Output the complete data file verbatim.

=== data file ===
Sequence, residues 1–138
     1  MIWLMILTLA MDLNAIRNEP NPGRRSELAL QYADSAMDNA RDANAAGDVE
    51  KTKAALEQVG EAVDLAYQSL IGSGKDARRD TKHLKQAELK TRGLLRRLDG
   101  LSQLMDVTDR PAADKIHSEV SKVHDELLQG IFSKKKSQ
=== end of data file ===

Sequence, residues 1–138
     1  MIWLMILTLA MDLNAIRNEP NPGRRSELAL QYADSAMDNA RDANAAGDVE
    51  KTKAALEQVG EAVDLAYQSL IGSGKDARRD TKHLKQAELK TRGLLRRLDG
   101  LSQLMDVTDR PAADKIHSEV SKVHDELLQG IFSKKKSQ